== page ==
5. The valve of claim 1 wherein the length across the first surface is substantially equal to the length across the second surface.
6. The valve of claim 1 wherein the radius of curvature of each of the curves in the first surface and the second surface are substantially equal.
7. A pressure energized valve for cryogenic application, comprising:
(a) a two piece manifold having adjoining surfaces forming a cavity therebetween with a first surface and a second surface, the first surface having a first passage therein, and the second surface having an inlet passage connected to a source of liquid cryogen and an outlet passage therein for flow of cryogen therethrough;
(b) a flexible diaphragm interposed between the adjoining surfaces such that the diaphragm can flex between the first surface and second surface; and
(c) an electrically actuated pilot valve connected to the source of liquid cryogen for selectively pressurizing the first passage to urge the diaphragm against the second surface and block flow of cryogen between the inlet passage and outlet passage, the maximum flow rate of cryogen through the pilot valve being substantially lower than the maximum flow rate of cryogen between the inlet passage and outlet passage; whereby the pilot valve is maintained at a higher temperature than the manifold.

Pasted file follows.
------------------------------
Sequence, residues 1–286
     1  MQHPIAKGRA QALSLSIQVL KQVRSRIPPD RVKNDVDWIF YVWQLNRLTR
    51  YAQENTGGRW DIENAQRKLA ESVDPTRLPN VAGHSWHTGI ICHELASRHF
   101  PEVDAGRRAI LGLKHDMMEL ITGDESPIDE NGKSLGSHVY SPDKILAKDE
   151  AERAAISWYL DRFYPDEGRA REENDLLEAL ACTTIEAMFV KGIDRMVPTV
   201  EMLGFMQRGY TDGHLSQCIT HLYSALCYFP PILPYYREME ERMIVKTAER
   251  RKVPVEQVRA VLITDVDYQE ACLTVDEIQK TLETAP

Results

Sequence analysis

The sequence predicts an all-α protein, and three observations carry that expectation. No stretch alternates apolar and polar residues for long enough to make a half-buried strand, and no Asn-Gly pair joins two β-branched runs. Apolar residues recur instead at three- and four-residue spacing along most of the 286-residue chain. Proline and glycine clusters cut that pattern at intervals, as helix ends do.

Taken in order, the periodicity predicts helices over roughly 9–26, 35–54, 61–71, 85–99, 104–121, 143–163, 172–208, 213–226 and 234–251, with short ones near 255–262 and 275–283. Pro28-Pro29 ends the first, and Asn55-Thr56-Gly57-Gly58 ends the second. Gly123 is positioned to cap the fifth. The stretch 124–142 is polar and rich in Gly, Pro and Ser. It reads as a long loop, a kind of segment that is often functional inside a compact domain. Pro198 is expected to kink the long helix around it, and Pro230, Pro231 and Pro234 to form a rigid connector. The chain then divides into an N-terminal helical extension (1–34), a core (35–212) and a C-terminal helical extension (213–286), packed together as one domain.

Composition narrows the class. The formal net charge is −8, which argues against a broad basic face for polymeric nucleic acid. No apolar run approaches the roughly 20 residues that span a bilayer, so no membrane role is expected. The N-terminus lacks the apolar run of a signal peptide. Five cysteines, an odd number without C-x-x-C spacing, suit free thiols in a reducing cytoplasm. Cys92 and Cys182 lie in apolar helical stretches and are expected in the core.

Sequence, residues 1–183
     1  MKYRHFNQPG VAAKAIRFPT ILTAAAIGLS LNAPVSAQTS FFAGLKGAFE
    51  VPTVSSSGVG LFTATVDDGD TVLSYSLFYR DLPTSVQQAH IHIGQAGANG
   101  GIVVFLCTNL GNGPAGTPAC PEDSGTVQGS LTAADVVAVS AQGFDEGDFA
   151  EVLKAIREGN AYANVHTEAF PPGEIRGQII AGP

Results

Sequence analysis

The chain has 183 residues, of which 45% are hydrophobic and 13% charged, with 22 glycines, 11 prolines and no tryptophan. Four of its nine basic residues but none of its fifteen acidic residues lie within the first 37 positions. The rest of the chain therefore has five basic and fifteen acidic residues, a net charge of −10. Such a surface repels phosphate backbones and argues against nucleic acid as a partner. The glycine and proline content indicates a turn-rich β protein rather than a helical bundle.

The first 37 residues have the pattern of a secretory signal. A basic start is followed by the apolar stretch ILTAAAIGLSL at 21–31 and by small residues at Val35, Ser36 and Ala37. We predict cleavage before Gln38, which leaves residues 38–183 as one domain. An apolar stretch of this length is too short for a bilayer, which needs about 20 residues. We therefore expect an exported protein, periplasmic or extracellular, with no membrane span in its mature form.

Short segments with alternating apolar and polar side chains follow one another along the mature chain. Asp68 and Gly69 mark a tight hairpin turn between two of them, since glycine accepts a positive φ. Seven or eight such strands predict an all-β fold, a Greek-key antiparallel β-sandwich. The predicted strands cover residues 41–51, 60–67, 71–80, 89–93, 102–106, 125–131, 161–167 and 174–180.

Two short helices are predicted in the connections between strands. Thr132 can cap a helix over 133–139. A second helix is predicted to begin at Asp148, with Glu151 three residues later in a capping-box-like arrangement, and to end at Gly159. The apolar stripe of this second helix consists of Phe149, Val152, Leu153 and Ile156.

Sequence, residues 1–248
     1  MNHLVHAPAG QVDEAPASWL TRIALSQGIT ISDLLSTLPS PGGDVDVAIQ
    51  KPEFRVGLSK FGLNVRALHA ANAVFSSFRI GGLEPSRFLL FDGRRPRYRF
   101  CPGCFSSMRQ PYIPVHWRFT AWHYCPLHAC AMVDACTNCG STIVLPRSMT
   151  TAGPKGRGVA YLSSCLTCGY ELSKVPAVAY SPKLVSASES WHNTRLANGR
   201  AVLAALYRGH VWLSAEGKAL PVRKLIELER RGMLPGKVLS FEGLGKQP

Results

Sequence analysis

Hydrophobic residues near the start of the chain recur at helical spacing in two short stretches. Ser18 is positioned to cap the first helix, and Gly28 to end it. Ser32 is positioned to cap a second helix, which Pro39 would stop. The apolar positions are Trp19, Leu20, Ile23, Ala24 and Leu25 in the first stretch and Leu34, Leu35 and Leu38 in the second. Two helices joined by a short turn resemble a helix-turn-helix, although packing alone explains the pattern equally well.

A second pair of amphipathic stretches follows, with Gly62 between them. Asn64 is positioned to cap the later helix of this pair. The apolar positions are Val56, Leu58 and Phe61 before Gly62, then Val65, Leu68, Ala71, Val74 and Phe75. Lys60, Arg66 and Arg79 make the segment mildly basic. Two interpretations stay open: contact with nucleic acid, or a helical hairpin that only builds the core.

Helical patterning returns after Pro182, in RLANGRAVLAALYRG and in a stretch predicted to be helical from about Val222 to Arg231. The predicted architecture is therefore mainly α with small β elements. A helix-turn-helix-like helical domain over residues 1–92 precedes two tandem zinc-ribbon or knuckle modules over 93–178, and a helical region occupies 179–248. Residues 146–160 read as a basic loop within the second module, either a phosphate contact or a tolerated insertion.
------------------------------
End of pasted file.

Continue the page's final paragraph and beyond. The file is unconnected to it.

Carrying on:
8. The pressure energized valve of claim 7 wherein the first surface comprises a dish-shaped surface.
9. The pressure energized valve of claim 7 wherein the second surface is a curved surface having a ring shaped recess therein.
10. The pressure energized valve of claim 9 wherein the outlet passage comprises three outlet passages connected to an exhaust port.
11. The pressure energized valve of claim 1 wherein the flexible diaphragm is a polyamide film.
12. The pressure energized valve of claim 11 wherein the polyamide film is Kapton film.
13. A diaphragm valve for flow of liquid cryogen, comprising: